The Henry Ford in Dearborn today announced it acquired a significant interactive exhibit called Mathematica that presents math concepts through installations and models. It will go on display inside the Henry Ford Museum next year.
“Mathematica not only changed the way exhibitions were designed, but it was created to address a specific problem within the museum and education community that is still relevant today, which is a better way to convey mathematical principles and ideas to visitors,” says Patricia Mooradian, president of The Henry Ford.
Mathematica was designed and produced in 1961 by Charles and Ray Eames, a husband and wife team, who were well known for their work in architecture and modern furniture design. The couple met in 1940 while teaching at the Cranbrook Academy of Art in Bloomfield Hills.
IBM underwrote the project, and the Eames created three versions of the exhibit. The first is installed at the New York Hall of Science, the second is owned by the Museum of Science in Boston, and the third was originally installed within the IBM Pavilion at the 1964 New York World’s Fair before it was moved to the Pacific Science Center in Seattle. Following that, it became the property of the Eames Office. It’s the third version that has been acquired by The Henry Ford.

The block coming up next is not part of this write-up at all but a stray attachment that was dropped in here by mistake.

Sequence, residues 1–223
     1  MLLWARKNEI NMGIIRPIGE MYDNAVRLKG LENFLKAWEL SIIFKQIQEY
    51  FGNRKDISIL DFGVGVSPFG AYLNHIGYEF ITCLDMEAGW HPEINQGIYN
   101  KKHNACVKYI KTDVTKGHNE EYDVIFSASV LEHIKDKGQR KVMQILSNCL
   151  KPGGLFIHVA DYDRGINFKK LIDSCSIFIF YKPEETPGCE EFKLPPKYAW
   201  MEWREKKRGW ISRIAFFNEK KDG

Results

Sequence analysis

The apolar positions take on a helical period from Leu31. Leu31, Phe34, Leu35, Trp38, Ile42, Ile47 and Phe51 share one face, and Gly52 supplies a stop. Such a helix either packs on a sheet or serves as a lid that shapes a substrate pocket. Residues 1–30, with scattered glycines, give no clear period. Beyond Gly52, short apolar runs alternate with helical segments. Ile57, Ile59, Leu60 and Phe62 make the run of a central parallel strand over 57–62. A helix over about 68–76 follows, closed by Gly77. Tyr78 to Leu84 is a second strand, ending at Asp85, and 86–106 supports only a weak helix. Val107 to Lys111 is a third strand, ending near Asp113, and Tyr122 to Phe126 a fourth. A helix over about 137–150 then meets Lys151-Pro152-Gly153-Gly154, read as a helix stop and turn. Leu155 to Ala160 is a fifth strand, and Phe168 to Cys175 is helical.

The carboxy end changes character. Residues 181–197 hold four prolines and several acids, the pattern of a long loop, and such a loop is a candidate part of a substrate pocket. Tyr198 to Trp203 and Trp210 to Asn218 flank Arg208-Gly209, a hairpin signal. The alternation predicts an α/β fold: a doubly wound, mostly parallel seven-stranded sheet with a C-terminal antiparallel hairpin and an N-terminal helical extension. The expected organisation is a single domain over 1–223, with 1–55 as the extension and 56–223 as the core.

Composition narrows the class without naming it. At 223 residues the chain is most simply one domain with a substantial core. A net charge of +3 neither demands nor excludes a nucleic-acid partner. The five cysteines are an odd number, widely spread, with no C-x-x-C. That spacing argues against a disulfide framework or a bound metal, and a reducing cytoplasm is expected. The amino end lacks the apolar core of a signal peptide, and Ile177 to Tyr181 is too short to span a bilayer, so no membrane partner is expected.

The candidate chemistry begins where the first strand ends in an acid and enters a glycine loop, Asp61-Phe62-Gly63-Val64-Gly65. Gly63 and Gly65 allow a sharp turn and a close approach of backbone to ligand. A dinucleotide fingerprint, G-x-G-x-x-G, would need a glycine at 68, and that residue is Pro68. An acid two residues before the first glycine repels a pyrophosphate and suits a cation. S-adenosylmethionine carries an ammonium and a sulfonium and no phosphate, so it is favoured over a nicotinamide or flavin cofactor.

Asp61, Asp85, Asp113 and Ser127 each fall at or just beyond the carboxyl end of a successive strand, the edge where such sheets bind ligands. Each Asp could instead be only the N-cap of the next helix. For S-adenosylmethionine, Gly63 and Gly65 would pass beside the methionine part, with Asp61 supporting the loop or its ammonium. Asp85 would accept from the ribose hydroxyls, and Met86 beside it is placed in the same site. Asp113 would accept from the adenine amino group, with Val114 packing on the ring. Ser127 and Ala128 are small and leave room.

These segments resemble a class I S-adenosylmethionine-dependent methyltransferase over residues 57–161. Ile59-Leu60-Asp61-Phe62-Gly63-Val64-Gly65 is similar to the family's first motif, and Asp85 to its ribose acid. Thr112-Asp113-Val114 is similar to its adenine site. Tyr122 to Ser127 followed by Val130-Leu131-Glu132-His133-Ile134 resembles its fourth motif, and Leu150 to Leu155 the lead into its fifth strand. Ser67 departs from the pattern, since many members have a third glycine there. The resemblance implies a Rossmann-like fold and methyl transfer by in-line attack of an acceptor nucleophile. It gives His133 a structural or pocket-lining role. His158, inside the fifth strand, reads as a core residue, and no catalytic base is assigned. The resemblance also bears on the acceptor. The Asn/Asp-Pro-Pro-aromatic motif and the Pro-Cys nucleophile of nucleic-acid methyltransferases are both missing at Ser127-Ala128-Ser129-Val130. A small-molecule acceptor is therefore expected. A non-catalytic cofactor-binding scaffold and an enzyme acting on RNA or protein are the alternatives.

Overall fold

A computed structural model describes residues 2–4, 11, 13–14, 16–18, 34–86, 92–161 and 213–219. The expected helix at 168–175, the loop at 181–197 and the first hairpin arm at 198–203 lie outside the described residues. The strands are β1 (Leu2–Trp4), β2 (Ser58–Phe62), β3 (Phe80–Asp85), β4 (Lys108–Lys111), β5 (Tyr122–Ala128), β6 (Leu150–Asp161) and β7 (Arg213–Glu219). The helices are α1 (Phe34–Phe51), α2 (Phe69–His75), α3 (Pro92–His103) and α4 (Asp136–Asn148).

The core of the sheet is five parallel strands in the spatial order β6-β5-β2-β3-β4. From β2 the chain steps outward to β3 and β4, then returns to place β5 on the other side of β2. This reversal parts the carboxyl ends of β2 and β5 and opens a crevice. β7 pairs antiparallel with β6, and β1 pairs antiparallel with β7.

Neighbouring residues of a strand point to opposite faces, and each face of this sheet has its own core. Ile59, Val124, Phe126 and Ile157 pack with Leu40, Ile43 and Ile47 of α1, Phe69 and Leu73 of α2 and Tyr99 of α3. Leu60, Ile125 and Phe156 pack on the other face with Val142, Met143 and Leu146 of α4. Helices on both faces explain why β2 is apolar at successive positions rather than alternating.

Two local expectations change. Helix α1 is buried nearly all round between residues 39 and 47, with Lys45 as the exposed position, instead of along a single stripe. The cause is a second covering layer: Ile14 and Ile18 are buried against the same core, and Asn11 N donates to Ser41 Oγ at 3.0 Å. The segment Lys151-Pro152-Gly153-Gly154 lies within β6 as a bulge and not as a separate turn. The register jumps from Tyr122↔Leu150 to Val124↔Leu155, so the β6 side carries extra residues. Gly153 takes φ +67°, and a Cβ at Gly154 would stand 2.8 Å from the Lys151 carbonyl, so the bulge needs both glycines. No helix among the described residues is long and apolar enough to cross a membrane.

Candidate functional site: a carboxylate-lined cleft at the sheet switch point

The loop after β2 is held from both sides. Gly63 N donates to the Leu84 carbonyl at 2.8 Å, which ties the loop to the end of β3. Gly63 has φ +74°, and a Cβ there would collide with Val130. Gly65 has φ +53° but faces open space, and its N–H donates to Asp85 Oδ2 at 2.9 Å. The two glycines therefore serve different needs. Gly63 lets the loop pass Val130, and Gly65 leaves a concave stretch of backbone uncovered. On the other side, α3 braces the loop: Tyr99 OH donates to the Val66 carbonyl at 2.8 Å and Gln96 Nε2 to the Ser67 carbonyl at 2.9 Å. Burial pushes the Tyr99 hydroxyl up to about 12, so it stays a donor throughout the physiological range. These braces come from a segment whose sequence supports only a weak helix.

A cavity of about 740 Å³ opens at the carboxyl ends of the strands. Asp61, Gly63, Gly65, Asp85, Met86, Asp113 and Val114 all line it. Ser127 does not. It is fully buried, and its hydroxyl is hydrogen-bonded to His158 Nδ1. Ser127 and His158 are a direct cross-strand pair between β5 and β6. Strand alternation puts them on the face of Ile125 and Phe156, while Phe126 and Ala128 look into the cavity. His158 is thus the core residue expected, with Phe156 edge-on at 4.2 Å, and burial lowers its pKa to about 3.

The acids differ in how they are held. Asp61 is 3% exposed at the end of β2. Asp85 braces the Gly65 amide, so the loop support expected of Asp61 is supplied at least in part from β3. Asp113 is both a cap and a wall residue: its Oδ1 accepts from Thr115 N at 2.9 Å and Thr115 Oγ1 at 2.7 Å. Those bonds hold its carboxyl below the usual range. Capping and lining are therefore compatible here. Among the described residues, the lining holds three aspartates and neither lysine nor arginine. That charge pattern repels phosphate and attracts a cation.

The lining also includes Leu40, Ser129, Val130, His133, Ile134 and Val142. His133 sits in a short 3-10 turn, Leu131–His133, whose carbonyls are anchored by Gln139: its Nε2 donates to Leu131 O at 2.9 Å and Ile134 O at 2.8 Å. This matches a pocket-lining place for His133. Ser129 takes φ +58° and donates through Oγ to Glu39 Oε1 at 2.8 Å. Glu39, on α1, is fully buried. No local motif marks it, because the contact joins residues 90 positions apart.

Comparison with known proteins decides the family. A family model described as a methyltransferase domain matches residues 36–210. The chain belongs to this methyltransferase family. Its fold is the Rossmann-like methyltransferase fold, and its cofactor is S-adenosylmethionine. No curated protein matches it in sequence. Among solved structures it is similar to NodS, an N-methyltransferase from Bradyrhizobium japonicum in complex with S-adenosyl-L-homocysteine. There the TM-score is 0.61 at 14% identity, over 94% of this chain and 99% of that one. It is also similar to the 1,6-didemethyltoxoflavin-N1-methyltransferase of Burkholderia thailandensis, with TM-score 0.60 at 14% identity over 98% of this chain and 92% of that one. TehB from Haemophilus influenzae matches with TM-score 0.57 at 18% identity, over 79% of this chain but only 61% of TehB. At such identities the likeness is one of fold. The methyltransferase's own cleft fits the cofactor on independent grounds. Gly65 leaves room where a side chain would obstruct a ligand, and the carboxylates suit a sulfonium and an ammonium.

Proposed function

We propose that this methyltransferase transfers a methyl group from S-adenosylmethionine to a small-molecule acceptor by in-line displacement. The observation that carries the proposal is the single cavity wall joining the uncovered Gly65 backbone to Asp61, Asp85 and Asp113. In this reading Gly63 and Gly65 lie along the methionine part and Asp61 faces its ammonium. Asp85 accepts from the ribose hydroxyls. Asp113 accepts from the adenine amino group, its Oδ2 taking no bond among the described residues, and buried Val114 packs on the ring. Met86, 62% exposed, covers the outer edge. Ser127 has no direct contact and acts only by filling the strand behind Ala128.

The exhibit explains mathematical concepts and ideas through imagery, interaction, and models. In addition to the Mathematica exhibit, the IBM Pavilion included a large theater located inside the “Information Machine,” where guests were introduced to the attributes of computers via nine large video screens.
“Mathematica reveals that the ‘world of numbers’ represents a tiny percentage of the world of mathematics,” says Marc Greuther, chief curator and senior director, historical resources at The Henry Ford. “The exhibit sidesteps boundaries between education, play, art, and science — plus it’s recognized historically as an Eames design landmark.”
Details about when the exhibit will be open to the public will be released at a later date.